The F-35 is Europe’s only option for a younger stealth fighter: the Dassault-Airbus Future Combat Air System project remains two decades away and the UK’s Tempest is planned to come only a few years earlier, in 2035.
Douglas Barrie, senior fellow for military aerospace at the International Institute for Strategic Studies in London, said: “[The F-35 is] the youngest of the aircraft in the competition in design terms, so that has to be an advantage,” he says. “The challenge to the competitors is that they have an upgrade path which keeps their platform relevant and combat capable.”
“The only surprise for me would be if the F-35 didn’t make any more sales in Europe. It’s not a question of if, but a question of when. In many ways, it’s the competitor to beat,” he added. “That’s not to say it’s always going to win.”
High demand for F-35s in Europe would be a major boost for the UK defence industry, which manufactures 15% of the parts for the programme.
One example is BAE Systems, which is a Tier 1 supplier into the stealth fighter programme, and builds the rear section of each F-35 using cutting edge manufacturing technology.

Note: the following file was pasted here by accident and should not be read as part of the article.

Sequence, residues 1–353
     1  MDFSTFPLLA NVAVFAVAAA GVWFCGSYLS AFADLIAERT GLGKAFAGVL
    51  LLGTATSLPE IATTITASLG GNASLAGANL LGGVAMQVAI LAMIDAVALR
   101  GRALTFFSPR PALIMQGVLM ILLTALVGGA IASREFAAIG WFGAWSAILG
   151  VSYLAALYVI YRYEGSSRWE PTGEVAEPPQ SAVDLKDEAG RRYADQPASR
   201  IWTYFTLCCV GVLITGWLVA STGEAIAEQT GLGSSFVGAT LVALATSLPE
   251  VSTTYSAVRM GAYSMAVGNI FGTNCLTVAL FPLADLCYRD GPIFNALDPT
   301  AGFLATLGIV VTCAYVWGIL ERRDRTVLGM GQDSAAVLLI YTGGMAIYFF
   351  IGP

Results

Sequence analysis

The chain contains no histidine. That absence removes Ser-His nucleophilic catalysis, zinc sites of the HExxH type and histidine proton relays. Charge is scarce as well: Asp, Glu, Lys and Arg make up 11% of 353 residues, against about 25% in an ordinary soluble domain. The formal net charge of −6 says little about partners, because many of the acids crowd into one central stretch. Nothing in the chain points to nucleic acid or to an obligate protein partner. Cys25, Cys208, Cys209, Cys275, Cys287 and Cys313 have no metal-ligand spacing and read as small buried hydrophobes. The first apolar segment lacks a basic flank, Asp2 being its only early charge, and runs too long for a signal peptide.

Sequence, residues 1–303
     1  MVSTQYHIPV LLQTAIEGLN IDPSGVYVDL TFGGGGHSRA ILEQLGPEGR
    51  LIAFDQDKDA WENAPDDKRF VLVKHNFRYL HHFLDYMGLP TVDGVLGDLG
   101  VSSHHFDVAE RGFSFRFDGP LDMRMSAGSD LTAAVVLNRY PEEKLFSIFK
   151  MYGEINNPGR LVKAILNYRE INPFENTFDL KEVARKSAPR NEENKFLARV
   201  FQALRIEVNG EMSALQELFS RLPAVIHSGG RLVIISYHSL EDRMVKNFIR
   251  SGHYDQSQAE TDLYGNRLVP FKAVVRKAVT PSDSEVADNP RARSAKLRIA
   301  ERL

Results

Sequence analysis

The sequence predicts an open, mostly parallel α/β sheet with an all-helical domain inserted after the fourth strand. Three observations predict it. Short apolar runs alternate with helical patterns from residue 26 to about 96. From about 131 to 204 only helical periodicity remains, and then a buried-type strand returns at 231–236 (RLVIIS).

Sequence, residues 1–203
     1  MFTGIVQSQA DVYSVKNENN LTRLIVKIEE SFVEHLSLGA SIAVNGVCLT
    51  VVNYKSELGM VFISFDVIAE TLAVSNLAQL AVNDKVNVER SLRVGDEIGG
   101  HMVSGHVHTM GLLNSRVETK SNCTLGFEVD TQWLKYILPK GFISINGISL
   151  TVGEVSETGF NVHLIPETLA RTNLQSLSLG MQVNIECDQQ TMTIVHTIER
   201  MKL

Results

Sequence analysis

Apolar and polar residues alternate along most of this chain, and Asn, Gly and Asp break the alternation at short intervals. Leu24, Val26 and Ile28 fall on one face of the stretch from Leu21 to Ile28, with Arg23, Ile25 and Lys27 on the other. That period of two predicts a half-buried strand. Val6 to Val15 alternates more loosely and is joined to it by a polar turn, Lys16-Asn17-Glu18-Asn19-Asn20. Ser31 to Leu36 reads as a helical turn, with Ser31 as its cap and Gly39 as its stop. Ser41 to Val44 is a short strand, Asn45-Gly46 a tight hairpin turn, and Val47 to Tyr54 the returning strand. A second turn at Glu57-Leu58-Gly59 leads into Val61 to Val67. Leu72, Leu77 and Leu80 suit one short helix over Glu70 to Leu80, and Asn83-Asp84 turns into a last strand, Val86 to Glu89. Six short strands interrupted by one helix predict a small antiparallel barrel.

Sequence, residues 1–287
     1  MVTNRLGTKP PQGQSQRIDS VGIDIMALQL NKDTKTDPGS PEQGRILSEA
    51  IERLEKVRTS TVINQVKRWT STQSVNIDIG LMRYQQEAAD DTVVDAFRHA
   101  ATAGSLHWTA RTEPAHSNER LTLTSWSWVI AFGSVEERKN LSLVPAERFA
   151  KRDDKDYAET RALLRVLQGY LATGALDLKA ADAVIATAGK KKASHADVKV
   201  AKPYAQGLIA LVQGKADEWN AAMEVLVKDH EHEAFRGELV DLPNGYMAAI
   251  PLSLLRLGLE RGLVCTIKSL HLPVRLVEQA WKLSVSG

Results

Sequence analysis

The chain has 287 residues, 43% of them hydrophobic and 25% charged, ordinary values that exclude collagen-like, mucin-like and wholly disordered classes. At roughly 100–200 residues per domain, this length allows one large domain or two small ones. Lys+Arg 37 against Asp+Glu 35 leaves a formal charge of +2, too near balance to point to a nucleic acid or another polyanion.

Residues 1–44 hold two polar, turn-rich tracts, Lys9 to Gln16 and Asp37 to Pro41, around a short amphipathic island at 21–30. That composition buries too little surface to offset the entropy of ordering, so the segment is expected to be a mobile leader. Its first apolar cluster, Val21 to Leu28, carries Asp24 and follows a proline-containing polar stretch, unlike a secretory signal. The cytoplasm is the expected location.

F-35 is the world’s largest defence programme. Led by the US, with participation from the UK, Italy, Netherlands, Australia, Canada, Denmark, Norway and Turkey, it is a collaborative programme aimed at delivering a stealth, multi-role attack aircraft capable of operating from land and sea to nations across the globe.
Britain is a lead partner in the programme, and was one of the factors that led the UK defence industry to set a new record for exports in 2018. Sales of defence products to Saudi Arabia, UAE, Qatar and other Middle Eastern countries also made up nearly 80% of that figure.